Sunday, May 26, 2024

NC trend: Blanket aims to make eating pancakes a healthier choice

When Marquita Carter was pregnant in 2017 with her second son, Nathan, she had health complications that caused her to change her diet. She and her husband, Deven, started looking at ingredients in the food they were consuming. “Everything we were choosing was just for taste,” she says. “We didn’t see the things we could eat” on the labels.

So the couple began making their own food, starting with syrup that didn’t have high-fructose corn syrup. Pancake batter came next, and they started sharing their concoctions with family members and selling products at Charlotte-area farmers markets in 2017. Customers gobbled them up.

Now, the Carters’ Blanket brand pancake mixes and syrups are for sale in 2,000 stores, including Walmart and Food Lion. Their Charlotte business, Home Food LLC, also makes private-label products for other retailers. Revenue has reached seven figures, and the Carters say the business is profitable. 

They’re evaluating additional pancake flavors, as well as a line of protein-based and gluten-free foods. “We want Blanket to be a household name,” Deven says.

Getting their product onto grocery shelves wasn’t easy. Deven worked full time at insurer Allstate while earning an MBA at Wake Forest University. He attended classes on Saturdays while Marquita set updisplays at The Market at 7th Street in Charlotte. “It was a scary time,” says Marquita, a former special education teacher. “We didn’t know a lot about the pancake and syrup industry. We just wanted to make good products.”

The couple
also had trouble convincing lenders to fund their business. They cashed out a 401(k) plan and a pension for about $30,000 to get the operation up and running. “We had the business plan and forecasts, and we’d exceeded expectations,”  she says. “But we couldn’t find a line of credit anywhere.”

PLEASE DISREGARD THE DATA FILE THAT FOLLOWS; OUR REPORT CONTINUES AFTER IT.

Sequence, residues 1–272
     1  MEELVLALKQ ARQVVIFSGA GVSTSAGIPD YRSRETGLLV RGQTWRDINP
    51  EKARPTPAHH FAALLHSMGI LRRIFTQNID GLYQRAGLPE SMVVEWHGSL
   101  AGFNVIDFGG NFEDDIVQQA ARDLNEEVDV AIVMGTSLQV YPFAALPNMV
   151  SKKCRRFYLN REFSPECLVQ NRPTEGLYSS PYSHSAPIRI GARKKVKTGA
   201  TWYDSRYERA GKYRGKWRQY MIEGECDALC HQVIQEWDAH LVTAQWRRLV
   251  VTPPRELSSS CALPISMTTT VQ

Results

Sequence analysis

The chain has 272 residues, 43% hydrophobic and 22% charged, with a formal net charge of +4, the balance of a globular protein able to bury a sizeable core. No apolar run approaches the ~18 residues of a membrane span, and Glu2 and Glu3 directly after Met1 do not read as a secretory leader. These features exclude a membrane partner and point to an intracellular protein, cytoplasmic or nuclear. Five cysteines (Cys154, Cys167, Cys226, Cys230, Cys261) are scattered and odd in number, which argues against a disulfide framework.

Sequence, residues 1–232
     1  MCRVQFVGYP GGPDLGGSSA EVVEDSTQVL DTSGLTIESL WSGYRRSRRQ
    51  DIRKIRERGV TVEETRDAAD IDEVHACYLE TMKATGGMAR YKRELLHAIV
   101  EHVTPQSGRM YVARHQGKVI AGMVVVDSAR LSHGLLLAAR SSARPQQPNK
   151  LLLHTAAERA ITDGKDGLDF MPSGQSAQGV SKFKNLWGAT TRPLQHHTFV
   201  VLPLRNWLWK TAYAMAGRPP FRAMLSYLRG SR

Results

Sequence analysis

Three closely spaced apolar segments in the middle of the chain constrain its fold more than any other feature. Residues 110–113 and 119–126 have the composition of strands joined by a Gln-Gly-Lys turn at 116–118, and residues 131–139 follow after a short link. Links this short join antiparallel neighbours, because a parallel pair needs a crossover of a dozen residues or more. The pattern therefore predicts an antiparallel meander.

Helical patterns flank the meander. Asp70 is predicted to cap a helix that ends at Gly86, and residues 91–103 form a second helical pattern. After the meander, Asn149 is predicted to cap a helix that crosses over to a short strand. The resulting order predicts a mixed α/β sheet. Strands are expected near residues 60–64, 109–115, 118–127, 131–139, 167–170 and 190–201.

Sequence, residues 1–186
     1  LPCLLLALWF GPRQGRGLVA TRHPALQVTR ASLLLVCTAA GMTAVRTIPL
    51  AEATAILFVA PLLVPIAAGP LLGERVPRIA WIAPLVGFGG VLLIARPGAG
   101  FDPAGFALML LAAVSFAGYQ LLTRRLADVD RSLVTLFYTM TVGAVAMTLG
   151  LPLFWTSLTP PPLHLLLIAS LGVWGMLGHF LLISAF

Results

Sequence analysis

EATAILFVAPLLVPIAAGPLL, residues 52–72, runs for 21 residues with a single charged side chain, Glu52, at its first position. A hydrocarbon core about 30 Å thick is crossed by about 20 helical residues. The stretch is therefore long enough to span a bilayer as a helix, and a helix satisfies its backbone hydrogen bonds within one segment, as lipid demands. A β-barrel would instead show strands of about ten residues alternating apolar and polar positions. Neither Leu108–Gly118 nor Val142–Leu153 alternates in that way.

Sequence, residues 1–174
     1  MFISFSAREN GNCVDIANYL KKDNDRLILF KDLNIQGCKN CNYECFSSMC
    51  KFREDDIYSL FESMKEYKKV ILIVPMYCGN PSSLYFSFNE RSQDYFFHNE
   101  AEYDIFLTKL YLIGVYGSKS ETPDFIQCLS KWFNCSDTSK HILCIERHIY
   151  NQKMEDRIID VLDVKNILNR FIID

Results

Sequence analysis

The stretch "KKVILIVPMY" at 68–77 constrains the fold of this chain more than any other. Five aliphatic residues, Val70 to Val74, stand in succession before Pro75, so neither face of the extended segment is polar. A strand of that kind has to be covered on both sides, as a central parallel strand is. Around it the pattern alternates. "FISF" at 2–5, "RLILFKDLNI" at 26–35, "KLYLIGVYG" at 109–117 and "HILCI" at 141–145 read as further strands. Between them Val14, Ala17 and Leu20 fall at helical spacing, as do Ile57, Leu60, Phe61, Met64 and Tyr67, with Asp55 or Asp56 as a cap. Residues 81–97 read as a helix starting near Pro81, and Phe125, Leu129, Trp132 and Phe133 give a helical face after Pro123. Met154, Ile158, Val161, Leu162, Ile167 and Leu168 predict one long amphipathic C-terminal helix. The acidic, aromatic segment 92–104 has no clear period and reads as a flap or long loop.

By late 2019, Blanket was in a half-dozen local stores. Then COVID hit in early 2020, prompting the closing of farmers markets. The Carters converted their dining room into a studio and started posting online cooking demonstrations on social media, which led to sales through their website. The online presence caught the attention of Salisbury-based Food Lion, which placed Blanket mixes and syrups into 500 stores.

Deven quit his Allstate job in November 2020 to focus on the startup. “It was a bit of a gamble, but it was a calculated risk,” he says. “I felt competent in our abilities to manage our growth.” Deven is chief operating officer and oversees distribution. Marquita is the CEO and leads product development. They both share the taste testing.

The honey butter pancake mix is the top-selling flavor, followed by buttermilk pancakes and vanilla bean syrup. Other pancake flavors include sweet potato and chocolate chip, and there’s a vegan version. A three-pack of Blanket flavors costs $21.75 on Others selling pancake mix in resealable packets include General Mills’ Betty Crocker brand; Tukwila, Wash.-based Krusteaz, a family business; and Park City, Utah-based Kodiak, which is owned by a private-equity company. 

The Carters say they’re working on a protein pancake, as well as ready-made batter in a cup. “Our pillars are about nutrition and accessibility,” says Deven.

The company’s growth means more staff is needed. They’d like to hire a chief financial officer, a head of distribution and leaders of
other departments. They’re also seeking investors, after relying on organic growth since their launch.

“In the next five years, you’re going to see more flavors and a variety of products,” says Deven. “Blanket is just one of our product lines.”

Chris Roush
Chris Roush
Chris Roush is executive editor of Business North Carolina. He can be reached at

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